Dhaka (Bangladesh), June 16: Poorer nations are likely unsatisfied with the vaccine initiative proposed by the Group of Seven (G7) nations, Professor Muzaherul Huq, former Southeast Asia Region adviser at the World Health Organization, told Xinhua in an interview Tuesday.
It will be "immoral" for G7 countries to take advantage of this COVID-19 and vaccine crisis, said Huq, as G7 leaders on Sunday wrapped up their summit in the midst of protesters taking to the street and accusing the leaders of making empty promises.
In a joint communique issued after the summit, G7 leaders belatedly pledged to provide 1 billion doses of coronavirus vaccines to less developed countries, while experts insist the world needs 11 billion doses instead.
If the G7 countries are really sincere in helping poorer nations in this vaccine crisis, patent protection must be waived to allow all countries to produce vaccines, said Huq, adding that assistance with technology transfers and raw materials is also essential.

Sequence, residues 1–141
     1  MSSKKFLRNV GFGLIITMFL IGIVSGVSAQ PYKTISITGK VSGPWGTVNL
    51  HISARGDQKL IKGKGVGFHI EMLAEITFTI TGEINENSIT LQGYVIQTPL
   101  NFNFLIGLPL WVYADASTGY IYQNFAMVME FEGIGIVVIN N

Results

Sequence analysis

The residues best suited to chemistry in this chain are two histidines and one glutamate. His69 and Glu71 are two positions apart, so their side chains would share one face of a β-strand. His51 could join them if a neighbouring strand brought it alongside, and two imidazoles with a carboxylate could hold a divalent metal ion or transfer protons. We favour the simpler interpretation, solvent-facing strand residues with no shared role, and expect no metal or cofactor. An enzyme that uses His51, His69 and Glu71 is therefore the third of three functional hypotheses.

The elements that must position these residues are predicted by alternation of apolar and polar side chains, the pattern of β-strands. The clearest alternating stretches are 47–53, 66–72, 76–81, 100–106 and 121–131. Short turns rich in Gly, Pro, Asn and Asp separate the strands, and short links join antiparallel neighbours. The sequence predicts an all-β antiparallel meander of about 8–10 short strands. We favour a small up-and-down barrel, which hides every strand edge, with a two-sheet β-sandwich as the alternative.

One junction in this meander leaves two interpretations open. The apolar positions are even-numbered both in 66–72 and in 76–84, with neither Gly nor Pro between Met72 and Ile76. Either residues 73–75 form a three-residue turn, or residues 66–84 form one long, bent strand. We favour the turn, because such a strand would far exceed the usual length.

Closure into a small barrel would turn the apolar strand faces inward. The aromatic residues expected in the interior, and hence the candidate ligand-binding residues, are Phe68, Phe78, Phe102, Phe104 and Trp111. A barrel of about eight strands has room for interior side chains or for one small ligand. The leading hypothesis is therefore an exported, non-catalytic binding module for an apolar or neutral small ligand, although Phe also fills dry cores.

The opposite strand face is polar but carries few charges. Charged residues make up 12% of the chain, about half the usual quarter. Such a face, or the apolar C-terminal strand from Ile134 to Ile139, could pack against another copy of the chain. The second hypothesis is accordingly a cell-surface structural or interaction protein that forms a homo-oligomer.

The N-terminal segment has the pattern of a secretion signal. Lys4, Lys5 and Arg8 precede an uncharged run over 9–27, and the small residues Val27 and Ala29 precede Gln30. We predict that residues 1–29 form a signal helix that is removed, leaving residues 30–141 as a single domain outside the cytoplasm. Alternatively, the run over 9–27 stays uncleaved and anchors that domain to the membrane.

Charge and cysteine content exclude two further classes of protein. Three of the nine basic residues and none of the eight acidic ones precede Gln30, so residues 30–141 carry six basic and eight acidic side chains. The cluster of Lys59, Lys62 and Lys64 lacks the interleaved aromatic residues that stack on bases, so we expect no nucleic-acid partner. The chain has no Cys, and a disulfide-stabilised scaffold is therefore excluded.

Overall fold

No country is safe until every country is safe, he said, adding that the world must immunise 70 percent of the population and ensure availability of sufficient vaccines for poorer nations.
"We all know the pandemic can only be controlled if all countries, including the poor countries, achieve their goal of vaccination within a 2-year time frame," Huq noted.
Meanwhile, developing countries will be disappointed if the G7 uses vaccines as "a card to gain support" in some way, said Huq.
The G7 pledge "can be a starter if more promises come from them to support with more vaccines," he said. "Moreover, a time limit should be there for the availability of these vaccines."
Huq also expressed hope that "a humanitarian attitude will prevail in helping the poorer countries with vaccines and other support to save lives."